Although the late Jackie McLean might be best remembered for his more adventurous, improv-based recordings such as Destination Out!, Right Now!, Vertigo, etc., he made a major mark in the straight-ahead hard bop world with recordings that began in the early '50s and spanned his entire career. In fact, he made his debut as a sideman on the 1951 Prestige date Dig, led by Miles Davis. Five years later he received his first opportunity to lead his own group and his continuously evolving sound simply blossomed from there. This 1956 release, entitled 4, 5 and 6, was recently reissued, along with another session that occurred more than two decades later: the long out-of-print New Wine in Old Bottles.
Both releases give us brilliant examples of the McLean we've all grown to love over the years: an alto sax giant constantly surrounded by the finest jazz players. Although they're clearly from two different eras, these two discs work together as bookends to a period of McLean's career that began with the musician cutting his teeth on the bebop standards made famous by Parker, Powell and Monk and led to McLean's 'out' period chronicled on Blue Note.
As the title suggests, 4, 5 and 6 packs three different combos onto one disc that will certainly become essential listening for even the novice McLean aficionado. Three of the selections feature McLean leading the rhythm section of Mal Waldron (piano), Doug Watkins (bass) and Art Taylor (drums) on a handful of medium-tempo swingers and a ballad. Trumpeter Donald Byrd joins the proceedings for two original pieces, including the Kenny Drew-penned "Contour." And the session reaches a fever pitch on a boisterous rendition of Parker's classic "Confirmation," which brings in young tenor saxophonist Hank Mobley to expand the group to a sextet.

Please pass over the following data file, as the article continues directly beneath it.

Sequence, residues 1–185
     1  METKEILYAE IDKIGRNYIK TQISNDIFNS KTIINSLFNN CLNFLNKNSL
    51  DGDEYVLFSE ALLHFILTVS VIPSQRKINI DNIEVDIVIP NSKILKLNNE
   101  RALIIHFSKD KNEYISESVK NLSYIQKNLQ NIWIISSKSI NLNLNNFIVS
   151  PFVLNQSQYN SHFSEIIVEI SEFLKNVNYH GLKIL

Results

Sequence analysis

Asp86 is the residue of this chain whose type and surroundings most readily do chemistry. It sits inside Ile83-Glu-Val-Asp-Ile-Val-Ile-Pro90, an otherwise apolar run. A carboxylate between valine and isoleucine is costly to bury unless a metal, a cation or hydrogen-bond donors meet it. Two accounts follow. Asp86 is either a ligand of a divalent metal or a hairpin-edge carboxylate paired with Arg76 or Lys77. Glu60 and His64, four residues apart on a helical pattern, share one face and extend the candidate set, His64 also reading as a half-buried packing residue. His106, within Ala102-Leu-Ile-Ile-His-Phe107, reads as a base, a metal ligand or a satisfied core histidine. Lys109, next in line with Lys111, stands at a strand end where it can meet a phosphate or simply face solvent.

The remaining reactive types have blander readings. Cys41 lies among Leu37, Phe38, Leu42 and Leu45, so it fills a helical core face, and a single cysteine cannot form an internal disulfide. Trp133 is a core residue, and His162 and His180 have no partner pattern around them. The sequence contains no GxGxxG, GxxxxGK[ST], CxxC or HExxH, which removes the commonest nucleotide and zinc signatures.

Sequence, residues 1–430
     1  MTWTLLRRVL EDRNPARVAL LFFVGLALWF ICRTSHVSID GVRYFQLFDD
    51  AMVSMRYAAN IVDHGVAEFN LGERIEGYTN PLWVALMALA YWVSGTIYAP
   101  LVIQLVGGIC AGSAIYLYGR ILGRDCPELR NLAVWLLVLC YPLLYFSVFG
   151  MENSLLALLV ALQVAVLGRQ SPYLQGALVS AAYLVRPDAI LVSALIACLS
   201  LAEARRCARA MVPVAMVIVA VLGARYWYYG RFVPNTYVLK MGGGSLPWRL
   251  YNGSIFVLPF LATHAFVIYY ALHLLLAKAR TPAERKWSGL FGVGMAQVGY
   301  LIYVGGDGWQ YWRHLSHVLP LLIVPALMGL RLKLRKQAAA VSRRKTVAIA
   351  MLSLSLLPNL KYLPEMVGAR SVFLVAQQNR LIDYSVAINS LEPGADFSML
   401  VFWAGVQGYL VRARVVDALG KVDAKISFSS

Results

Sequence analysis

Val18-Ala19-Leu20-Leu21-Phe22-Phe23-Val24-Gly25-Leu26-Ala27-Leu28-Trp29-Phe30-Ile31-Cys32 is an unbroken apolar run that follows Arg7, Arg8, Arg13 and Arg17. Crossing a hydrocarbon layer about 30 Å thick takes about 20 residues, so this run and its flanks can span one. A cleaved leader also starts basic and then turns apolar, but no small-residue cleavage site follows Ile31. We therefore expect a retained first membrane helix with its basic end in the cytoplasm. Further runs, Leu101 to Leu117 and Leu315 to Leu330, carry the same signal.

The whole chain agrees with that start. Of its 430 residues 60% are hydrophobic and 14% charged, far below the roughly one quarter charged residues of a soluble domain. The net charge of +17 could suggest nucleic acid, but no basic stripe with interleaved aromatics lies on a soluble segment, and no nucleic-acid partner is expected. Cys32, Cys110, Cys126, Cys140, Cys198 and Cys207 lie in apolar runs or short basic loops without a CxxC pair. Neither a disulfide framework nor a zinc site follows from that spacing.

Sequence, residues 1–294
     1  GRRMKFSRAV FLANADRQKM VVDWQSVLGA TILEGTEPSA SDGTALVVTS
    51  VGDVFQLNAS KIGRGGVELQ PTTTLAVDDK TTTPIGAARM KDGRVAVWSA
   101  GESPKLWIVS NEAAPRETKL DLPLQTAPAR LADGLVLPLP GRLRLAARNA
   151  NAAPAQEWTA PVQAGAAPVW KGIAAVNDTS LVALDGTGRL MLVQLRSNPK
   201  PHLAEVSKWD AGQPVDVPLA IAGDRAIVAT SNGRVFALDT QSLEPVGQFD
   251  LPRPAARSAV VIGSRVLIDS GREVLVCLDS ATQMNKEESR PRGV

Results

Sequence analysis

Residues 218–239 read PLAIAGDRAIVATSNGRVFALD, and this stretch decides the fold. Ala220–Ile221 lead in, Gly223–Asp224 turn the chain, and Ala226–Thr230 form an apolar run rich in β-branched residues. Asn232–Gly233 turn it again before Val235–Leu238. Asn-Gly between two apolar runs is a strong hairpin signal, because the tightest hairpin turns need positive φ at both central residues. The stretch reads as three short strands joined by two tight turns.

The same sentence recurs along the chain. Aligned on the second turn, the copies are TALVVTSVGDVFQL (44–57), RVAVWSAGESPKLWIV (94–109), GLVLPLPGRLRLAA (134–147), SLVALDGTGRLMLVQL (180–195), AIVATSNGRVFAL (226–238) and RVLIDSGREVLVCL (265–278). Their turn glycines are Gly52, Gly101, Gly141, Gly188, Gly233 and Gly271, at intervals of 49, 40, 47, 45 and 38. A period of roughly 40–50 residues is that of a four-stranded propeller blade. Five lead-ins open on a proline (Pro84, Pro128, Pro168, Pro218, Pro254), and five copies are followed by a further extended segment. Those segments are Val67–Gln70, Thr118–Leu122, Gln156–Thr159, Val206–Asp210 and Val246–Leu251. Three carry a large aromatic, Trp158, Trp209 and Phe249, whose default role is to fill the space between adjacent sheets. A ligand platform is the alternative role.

Where 4, 5 and 6 might serve as the perfect starting point for the uninitiated, New Wine in Old Bottles will definitely satisfy the palette of the more-seasoned McLean enthusiast. Those fans that might appreciate McLean's '50s recordings, but still find them somewhat tame for their taste should look no further than this release. The songs themselves might be straight-ahead, but take one look at the personnel and you'll soon realize that this isn't one of grandpa's Prestige CDs from the early '50s! Anchored by Tony Williams on drums, New Wine in Old Bottles pays tribute to McLean's early days as a player of standards, but in a slightly modal mood on this occasion.
Ron Carter (bass) and Hank Jones (piano) round out the quartet, which digs into three up-tempo numbers, including another fantastic version of "Confirmation," as well as two McLean originals. Although hearing McLean propelled by Williams' thunderous drumming on these tracks alone makes it worth the purchase, New Wine in Old Bottles could stand solely on the strength of the leader's sound on the three ballads. McLean is absolutely heartbreaking on "Bein' Green," which is what you might want to have on in the background if you ever feel compelled to screen your aforementioned grandpa's Super-8 home-movies that you found while cleaning out the attic. It will bring a Clark Griswold-esque tear to the eye of even the most-jaded McLean expert.
These two reissues definitely honor the legend that passed away almost two years ago and they'll look great on either side of your collection of McLean's more 'advanced' recordings.
Tracks and Personnel
4, 5 and 6 (RVG)
Tracks: Sentimental Journey; Why Was I Born?; Contour; Confirmation; When I Fall in Love; Abstraction.
Personnel: Jackie McLean: alto saxophone; Donald Byrd: trumpet; Hank Mobley: tenor saophone; Mal Waldron: piano; Doug Watkins: bass; Arthur Taylor: drums.
New Wine In Old Bottles
Tracks: Appointment in Ghana; It Never Entered My Mind; 'Round About Midnight; Little Melonae Again; Bein' Green; Confirmation.
Personnel: Jackie McLean: alto sax; Hank Jones: piano; Ron Carter: bass; Tony Williams: drums.